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10 Ways to Reuse and Recycle Materials in the Garden

10 Ways to Reuse and Recycle Materials in the Garden

A major goal of gardening sustainably is to cut off the waste stream, and one great way to do that is to reuse and recycle materials that others may see as trash. Here are a few first-hand ideas shared by gardeners.

1. I use an old plastic mesh bag to round up leftover slivers of soap. I rubber-band the bag so it’s tight and hang it next to the hose. The combo of the slightly abrasive bag and the soap scrubs off garden dirt.

2. I made row covers out of tomato cages, old rebar I got free, and used blankets I got at the local thrift store.

3. Instead of purchasing expensive weed-blocking landscape cloth, I use free old tarps from my local lumber store that they used to cover wood during shipping.

4. I gather pieces of concrete to use as stepping stones in my garden.

5. I recycle drink cups to grow tomatoes from seed. When they’re ready to transplant, I simply remove the bottom inch or so of each cup and plant directly in the ground. This prevents cutworms from making a meal of my transplants.

6. I was given some heavy-duty metal “for sale” sign frames, and I placed them in my raised beds to support bed covers in early spring.

7. Old pantyhose are my friends: They make garden ties, and I use them to “bag” cantaloupes growing on trellises so the melons have extra support.

8. I make all my garden fencing with scrap wood and build my veggie trellises and arbors with fallen branches and saplings.

9. My plant tags are twigs with a shaved-off area to write on.

10. For a cold frame in late winter, we prop old windows against straw bales. When I know we’re in danger of a frost, I take old bean poles and jab them into the ends of my beds, throw old sheets over them, use stones or bricks to hold down the edges, and voilà! I have a makeshift tent in my garden.

For many more ideas on eco-friendly gardening—including those on saving water and energy, attracting pollinators, and using sustainable tools and amendments—check out 82 Sustainable Gardening Tips. If you like these ideas, you’ll also appreciate the creative tips in Use Your Christmas Tree in the Garden.

Illustration by Keith Ward

Read more: Eco-friendly tips, Environment, Lawns & Gardens, Nature, , , , ,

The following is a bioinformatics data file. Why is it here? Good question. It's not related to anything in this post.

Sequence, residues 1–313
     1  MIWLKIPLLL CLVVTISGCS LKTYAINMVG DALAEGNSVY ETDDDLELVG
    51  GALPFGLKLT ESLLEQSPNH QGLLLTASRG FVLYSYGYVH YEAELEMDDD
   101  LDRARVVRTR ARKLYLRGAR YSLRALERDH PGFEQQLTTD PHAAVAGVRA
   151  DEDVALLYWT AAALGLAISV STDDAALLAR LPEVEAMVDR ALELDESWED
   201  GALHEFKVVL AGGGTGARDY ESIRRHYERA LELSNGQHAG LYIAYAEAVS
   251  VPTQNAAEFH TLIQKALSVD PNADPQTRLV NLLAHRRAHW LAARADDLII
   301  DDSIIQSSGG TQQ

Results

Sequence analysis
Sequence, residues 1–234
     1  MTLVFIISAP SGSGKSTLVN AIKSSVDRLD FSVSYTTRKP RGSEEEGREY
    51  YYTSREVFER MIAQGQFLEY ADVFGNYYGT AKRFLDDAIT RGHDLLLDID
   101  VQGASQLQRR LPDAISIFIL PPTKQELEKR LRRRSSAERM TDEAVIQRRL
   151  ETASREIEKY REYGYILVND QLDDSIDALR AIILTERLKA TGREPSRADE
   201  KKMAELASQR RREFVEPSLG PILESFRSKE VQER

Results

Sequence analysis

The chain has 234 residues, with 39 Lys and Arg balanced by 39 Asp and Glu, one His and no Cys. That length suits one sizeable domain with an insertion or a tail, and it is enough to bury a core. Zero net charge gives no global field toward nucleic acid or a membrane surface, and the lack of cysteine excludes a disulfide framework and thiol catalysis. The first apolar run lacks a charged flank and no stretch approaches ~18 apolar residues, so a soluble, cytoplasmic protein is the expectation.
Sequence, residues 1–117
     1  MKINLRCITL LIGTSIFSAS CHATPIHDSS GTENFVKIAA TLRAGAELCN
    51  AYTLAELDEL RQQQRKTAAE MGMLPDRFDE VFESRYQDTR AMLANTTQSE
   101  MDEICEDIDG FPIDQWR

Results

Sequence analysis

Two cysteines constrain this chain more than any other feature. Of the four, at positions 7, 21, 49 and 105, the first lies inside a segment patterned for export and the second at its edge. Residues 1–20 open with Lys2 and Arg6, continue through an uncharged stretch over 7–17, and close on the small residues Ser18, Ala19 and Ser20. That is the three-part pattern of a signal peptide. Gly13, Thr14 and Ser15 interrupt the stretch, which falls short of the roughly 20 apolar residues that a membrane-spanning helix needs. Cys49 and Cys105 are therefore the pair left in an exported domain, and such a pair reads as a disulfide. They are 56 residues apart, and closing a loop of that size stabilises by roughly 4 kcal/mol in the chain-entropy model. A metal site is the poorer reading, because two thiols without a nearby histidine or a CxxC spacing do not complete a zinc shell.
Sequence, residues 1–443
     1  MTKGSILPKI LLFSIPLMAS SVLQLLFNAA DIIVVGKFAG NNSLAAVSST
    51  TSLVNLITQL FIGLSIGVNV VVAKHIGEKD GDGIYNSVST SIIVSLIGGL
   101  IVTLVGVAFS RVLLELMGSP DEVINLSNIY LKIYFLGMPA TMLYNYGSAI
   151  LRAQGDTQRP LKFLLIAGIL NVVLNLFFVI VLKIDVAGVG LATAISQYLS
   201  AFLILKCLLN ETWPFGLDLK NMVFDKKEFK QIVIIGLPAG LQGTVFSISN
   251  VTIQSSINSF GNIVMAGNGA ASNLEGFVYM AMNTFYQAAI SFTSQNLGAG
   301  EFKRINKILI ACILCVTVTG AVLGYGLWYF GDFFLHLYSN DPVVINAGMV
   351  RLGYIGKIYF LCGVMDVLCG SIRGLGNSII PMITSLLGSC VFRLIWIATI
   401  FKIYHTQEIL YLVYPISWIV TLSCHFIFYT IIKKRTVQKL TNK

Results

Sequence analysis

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Shelley Stonebrook

Shelley Stonebrook is an Associate Editor at Mother Earth News—North America’s most popular magazine about sustainable, self-reliant living—where she works on exciting projects such as Organic Gardening content and the Vegetable Garden Planner. Shelley is particularly interested in organic gardening, small-scale, local food production, waste reduction, food preservation and cooking. In her spare time, she posts in her personal blog, The Rowdy Radish.

54 comments

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6:13AM PDT on Jun 17, 2013

Thank you for sharing.

9:11AM PST on Feb 2, 2013

This is so inspiring, keep up the great work and thanks for sharing this so we can all make a garden that is green-friendly in every possible way.

9:03AM PST on Feb 2, 2013

Liked the branch plant tag idea. I can do that!

12:02PM PDT on Oct 15, 2012

Thank you

11:11PM PDT on Sep 4, 2012

A truly sustainable garden. Well done!

10:49PM PDT on Sep 4, 2012

it sounds like you have a beautiful garden Shelly. Thanks for the tips

3:29AM PDT on Sep 4, 2012

This is very useful advice, although the shade I need is to be able to shade the plants from the blistering sun as we live in the Caribbean, so far, I have been using old net laundry bags, on old patio umbrella that now has the. DIY dream fix of duct tape on several patches. I still like to experiment so have tried using seeds or cuttings from local plants, eggplant and spinach (the large leaf variety) do particularly well.

2:31AM PDT on Sep 4, 2012

Thank you

8:03PM PDT on Sep 3, 2012

Marvelous! I've got some great ideas for next year.

I'd like to share one, too: to make automatic waterers for my tomatoes, I cut the neck and part of the side out of gallon milk jugs, poked holes in the bottom with an awl, and planted them about an inch deep between every two plants while planting the garden. Then I covered the ground with water-permeable landscape cloth and bark mulch, watered deeply and filled the milk jugs...and went away for a week. The weather was hot and dry that week, but every plant pulled through it, although the ones next to slower-draining jugs did not grow as much, so they definitely made a difference!

7:51PM PDT on Sep 3, 2012

Good tips.

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